Ichabod's Kin
A place for politics, pop culture, and social issues

What’s Love Got to Do with It?

Author: Bagande

Image via Wikipedia

Think of Tina Turner’s hit song: “What’s love, what’s love, got-to-do, got-to-do with it…”

Cometh Valentine’s Day, and storefronts are sick with every shade of red. Gosh, we’re a loving people. You can tell from our music, literature, rhetoric and scriptures. We sing and rhapodize about it, and look for it in all the wrong places. Tons of money is spent for perishable blooms and with confections that give to lovers what they want least: more weight.

Love is common but a mystery; can hurt as much as it heals and bring as much pain as pleasure. It’s hard to predict but guaranteed to happen, yet isn’t guaranteed to last: just ask wealthy divorce lawyers. There are loves long and brief, and the sole difference between them is longevity or the lack thereof.

“Puppy love,” so-called, is said to be no love at all, perhaps an illusion, which is terribly unfair to the young; their love is real but comes at a time without benefit of experience and maturity, but felt nonetheless. Puppy love is love, and should be so honored. I had it, and a damn bad case it was.

Speaking of puppies, what about animals, especially family pets–our love for a different species, but the companionship and mutual affection are real and powerful. They comfort and save us from loneliness and are among the truest of our objects of endearment. Unlike humans, they are less affected and hurt by our overprotection, spoiling and co-dependence. Such a deal.

Perhaps most unreal is adult human love, ruined by over-romanticization and generalities that touch our emotions but are highly unrealistic. We say that if it sounds and feels good, then do it, even get married on it, believing it is both good and true. But one wag has suggested that getting hitched while “in love” (or lust) is like getting married while drunk.

The troubadours, by means of a lethally effective combo of art, poetry and song spoke out for love in individual people. Before that, love and marriage were arranged, in the name of custom, convenience and family, which often resulted in bonds of deep love. Indeed, love can be arranged, and history is testament to that.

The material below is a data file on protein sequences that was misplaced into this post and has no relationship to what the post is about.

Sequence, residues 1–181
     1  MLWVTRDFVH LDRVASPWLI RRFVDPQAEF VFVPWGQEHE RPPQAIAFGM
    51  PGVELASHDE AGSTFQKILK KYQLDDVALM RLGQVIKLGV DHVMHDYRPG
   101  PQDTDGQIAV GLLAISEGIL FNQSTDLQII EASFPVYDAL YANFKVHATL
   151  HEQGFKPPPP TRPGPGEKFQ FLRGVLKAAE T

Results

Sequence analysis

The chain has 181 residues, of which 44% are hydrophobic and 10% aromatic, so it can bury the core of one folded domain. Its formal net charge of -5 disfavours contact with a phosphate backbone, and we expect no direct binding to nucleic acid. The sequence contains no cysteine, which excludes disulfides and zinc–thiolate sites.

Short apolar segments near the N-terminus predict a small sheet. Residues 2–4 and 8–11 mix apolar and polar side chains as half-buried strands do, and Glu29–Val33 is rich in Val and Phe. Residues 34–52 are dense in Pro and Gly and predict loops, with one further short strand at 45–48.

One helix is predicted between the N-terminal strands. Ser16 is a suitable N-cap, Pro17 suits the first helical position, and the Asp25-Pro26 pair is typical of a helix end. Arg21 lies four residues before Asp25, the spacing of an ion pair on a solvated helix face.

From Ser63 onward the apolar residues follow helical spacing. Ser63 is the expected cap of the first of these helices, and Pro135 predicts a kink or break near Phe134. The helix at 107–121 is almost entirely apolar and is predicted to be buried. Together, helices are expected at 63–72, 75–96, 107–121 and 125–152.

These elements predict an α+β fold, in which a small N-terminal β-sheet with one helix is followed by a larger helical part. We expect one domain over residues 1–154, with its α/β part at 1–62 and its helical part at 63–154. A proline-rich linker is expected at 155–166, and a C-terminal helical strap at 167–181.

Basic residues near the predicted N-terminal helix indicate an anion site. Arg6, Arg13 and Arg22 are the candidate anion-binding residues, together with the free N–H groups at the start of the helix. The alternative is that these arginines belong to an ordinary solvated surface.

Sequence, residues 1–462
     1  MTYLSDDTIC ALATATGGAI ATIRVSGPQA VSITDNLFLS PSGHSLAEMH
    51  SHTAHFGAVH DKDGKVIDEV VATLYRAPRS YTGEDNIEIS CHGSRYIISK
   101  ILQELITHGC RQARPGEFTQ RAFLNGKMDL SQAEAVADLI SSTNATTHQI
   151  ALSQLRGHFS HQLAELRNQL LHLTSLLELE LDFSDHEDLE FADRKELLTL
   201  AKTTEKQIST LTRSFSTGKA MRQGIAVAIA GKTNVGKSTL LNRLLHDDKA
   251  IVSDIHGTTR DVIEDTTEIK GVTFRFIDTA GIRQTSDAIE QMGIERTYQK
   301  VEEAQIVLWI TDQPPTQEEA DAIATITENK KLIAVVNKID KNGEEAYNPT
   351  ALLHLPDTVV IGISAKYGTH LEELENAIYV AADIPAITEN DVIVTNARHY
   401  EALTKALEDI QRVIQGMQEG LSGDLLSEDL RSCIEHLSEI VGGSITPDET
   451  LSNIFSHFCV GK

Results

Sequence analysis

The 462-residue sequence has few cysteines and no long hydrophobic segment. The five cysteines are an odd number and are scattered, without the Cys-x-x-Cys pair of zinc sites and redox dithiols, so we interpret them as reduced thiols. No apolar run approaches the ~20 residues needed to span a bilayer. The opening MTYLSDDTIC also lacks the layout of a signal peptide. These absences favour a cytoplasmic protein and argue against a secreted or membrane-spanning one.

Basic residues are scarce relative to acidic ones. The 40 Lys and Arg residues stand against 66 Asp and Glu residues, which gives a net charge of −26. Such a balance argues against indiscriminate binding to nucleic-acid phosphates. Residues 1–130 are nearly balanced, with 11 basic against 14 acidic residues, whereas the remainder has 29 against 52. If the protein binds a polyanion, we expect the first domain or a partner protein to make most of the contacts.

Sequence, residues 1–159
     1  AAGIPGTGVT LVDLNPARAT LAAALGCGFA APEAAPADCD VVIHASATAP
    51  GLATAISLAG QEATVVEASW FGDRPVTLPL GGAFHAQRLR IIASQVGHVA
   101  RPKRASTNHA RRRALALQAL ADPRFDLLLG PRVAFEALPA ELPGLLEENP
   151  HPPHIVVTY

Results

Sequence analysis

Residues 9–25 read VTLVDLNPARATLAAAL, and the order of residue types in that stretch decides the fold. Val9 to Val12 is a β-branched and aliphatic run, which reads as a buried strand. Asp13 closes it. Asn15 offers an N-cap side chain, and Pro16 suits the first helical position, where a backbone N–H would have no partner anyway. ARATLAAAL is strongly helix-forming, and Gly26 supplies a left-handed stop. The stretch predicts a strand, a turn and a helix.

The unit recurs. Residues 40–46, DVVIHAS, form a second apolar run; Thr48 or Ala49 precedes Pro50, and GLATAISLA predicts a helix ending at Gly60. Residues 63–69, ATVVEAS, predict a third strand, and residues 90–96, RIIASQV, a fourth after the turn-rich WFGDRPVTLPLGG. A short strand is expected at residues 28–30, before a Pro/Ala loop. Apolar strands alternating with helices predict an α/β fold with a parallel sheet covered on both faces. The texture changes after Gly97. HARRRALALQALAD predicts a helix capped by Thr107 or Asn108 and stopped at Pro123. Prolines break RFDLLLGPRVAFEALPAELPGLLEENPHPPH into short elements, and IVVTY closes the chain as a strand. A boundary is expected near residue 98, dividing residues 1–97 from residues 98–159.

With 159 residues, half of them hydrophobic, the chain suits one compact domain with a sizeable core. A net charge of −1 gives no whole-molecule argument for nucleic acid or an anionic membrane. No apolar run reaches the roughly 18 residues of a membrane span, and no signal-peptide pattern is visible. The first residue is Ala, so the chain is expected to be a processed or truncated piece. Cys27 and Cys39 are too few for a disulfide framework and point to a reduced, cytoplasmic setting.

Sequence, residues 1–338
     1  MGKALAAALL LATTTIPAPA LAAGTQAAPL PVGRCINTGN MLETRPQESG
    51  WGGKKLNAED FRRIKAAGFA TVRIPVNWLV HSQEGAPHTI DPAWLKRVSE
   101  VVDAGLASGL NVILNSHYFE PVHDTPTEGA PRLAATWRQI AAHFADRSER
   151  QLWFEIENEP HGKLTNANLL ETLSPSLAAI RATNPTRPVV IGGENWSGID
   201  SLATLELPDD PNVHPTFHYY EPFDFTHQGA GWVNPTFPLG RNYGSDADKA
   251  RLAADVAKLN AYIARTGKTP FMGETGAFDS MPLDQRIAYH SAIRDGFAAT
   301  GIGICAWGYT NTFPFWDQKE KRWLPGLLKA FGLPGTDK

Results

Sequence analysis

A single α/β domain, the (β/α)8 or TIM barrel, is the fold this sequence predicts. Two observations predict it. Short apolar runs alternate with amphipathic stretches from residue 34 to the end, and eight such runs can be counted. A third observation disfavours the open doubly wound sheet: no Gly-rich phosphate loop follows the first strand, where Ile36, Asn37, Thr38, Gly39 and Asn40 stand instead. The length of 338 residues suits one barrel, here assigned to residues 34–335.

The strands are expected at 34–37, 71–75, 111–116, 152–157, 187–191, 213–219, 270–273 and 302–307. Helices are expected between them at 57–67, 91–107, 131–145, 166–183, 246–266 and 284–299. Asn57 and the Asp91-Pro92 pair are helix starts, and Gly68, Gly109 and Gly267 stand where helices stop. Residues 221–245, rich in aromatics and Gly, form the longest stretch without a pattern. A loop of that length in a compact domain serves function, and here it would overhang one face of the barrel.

When love became democratic it meant we preferred to come to it by choice or, as we say, by the call of our hearts. Yet it is no more functional and workable and lasting than love arranged. In our free society, over one-half of marriages do not last because romantic love doesn’t tend to last.

So, in our freedom, we are the ones who find love and lose it, honor and dishonor it, respect and disrespect it, nurture and starve it. And not because it was arranged for us, for it is now our way in love that we give ourselves to each other, and take ourselves away.

So now love is a challenge for even the closest of lovers, let alone those who aren’t. It is what some religion calls the highest but most challenging of all, the love of the extraordinary, those with whom there is little or nothing in common, and values and customs are separated by differences: people hard to love, even unlovable, to our minds. After all, it is clear that most people love and marry those who are most like them.

Love of the extraordinary is not easy, and those who do it are extraordinary themselves, though we often have unflattering names for them and the objects of their affection. Think of the labels you have and use for whoever you don’t like–other races, nationalities, social classes and sexual natures.

American history is one of early dislike, even hatred, for Asians, blacks and Jews, and later for Mexicans, as well as gays and lesbians. Mention transgendered persons today and most people don’t even wanna go there. Muslims are on our latest shit-list; we’ll put up with just about anybody and everybody before we’ll abide them or the presence of a mosque. Who’ll be next?

Christmas is the centerpiece of our biggest holiday season, when we sit patiently for obligatory readings of Isaiah’s vision of universal brotherhood–the hope that “all nations” will come together, in peace, at one place. But each religion wants that to happen at its holy place and not someone else’s. Yet each claims to believe in love and brotherhood, but insists that all the others agree with them just how this should come about.

One of the oldest love stories is about a young woman whose mother made a potion to cause the daughter to fall in love with the king whom she was arranged to marry. As luck would have it, her lowly escort ingested it and all hell broke loose. Tristan and Isolde aside, it might be nice were there a potion for the world’s people and all of us would drink it.

Right now, love doesn’t seem to work and has little to do with it.

Or, okay, so prove me wrong.

One Response to “What’s Love Got to Do with It?”

  1. Each paragraph explodes like fireworks – new slants on the same theme.

    I won’t try to explain love in less than a fifty kazillion words. But, I agree: puppy love was ENORMOUS. JUST HUGE.

    Thanks for taking the time to make us smile.

    Ohhh, and lust-love! Whoa! That was something else too. Another kazillion words required/ Whoa! Send picture of boat.

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